- The procedure allows SELECT and DML(INSERT/UPDATE/DELETE) statements, whereas Function allows only SELECT statements.
Function vs Stored Procedure in SQL
The following table describes the differences between functions and stored procedures in a SQL Server database.
|No.||Stored Procedure (SP)||User Defined Function (UDF)|
|01.||Stored Procedures can return zero, single, or multiple values.||Functions must return a single value, which can be either a scalar or a table.|
|02.||Stored Procedures can have both input and output parameters.||User Defined Functions can only accept input parameters.|
|03.||In procedure we can use Try-Catch blocks to handle exceptions.||Try-Catch blocks cannot be used in Functions.|
|04.||Stored Procedures can call functions.||Functions cannot call Stored Procedures.|
|05.||Stored Procedures cannot be used in a ||Functions can be used in a |
|06.||Stored Procedures can perform various operations on database objects, including select and DML (INSERT/UPDATE/DELETE) statements.||Functions in SQL are limited to only |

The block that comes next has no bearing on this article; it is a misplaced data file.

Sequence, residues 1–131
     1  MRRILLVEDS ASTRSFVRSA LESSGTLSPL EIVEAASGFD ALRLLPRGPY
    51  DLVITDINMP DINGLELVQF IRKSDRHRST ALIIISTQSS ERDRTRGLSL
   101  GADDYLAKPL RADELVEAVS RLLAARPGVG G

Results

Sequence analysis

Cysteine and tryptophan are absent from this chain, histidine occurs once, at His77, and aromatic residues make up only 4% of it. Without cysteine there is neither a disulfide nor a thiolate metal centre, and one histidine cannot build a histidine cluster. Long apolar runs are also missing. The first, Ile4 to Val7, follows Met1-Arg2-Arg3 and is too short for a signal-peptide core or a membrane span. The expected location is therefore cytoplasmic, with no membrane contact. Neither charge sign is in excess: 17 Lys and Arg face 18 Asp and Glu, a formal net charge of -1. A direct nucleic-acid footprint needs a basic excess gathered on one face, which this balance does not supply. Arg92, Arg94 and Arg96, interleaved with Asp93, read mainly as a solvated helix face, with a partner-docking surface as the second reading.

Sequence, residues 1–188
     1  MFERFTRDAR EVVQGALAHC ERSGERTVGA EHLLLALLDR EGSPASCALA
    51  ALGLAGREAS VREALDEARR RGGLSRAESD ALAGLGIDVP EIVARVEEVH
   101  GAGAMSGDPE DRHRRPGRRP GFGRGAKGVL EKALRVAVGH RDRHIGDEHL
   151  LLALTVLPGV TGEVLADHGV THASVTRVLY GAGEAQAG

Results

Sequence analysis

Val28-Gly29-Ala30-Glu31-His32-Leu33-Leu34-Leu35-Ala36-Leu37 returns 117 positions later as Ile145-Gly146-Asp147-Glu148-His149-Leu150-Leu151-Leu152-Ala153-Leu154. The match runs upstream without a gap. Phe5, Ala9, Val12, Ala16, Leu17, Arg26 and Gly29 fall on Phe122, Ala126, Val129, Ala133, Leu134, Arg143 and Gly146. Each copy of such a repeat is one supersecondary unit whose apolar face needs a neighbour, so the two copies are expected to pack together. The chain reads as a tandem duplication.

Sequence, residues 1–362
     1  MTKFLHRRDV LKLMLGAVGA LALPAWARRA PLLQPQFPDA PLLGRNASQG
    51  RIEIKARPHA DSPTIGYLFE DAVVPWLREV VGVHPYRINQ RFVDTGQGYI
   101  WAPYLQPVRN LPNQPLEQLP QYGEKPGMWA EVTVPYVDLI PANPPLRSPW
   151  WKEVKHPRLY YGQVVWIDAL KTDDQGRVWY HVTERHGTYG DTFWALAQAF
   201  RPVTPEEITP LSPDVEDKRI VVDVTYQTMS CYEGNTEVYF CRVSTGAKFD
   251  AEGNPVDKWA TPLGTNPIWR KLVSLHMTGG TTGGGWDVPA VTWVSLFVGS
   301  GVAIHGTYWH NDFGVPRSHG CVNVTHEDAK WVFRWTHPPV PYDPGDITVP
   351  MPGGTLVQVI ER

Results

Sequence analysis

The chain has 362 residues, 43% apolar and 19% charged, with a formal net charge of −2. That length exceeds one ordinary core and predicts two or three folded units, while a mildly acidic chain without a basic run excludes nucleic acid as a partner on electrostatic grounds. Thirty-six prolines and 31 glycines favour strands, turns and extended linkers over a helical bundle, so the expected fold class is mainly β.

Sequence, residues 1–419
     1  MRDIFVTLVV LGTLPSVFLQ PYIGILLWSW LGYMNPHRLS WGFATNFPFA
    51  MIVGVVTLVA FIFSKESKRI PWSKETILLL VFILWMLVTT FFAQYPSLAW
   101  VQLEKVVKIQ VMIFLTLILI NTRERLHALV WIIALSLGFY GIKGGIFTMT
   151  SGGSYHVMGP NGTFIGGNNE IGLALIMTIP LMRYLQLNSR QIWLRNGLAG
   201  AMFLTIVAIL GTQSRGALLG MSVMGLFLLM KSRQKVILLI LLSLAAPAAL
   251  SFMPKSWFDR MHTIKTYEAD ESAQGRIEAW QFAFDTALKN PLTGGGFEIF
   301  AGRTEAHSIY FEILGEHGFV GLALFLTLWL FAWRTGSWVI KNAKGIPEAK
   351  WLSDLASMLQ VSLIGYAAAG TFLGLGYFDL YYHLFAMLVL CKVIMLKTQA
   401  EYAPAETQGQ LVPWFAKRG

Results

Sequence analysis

|07.||Transactions can be used in Stored Procedures.||Functions do not support transactions.|
|08.||Stored Procedures cannot be used in the Join clause.||User Defined Functions can be used in the Join clause as a result set.|
|09.||Stored Procedures can have both table variables and temporary tables.||Functions can only have table variables and are not allowed to use temporary tables.|
|10.||Stored Procedures (SP) cannot be used in the ||However, User Defined Functions (UDF) can be used in the |
Example: Stored Procedure
The following is an example of creating a Stored procedure in SQL Server to add two numbers.
-- Create a sample stored procedure Create procedure AddNumbers(@num1 float, @num2 float) as begin print 'The sum of '+cast(@num1 as varchar)+' + '+cast(@num2 as varchar)+' = '+ cast((@num1+ @num2) as varchar) end -- Execute stored procedure to print two numbers Execute AddNumbers 20, 30;
If you execute the above code, you will be able to see the following result:
The sum of 20 + 30 = 50
Example: Function (UDF) in SQL Server
Let’s create a sample example of a Scalar Function (UDF)
-- Create a sample user defined function in SQL Server Create function fn_AddNumbers(@num1 int,@num2 int) returns int as Begin Return @num1 + @num2 End -- Calling function in the SELECT statement Select dbo.fn_AddNumbers(20,30) as result; -- result: 50
Q: What is a stored procedure in SQL Server?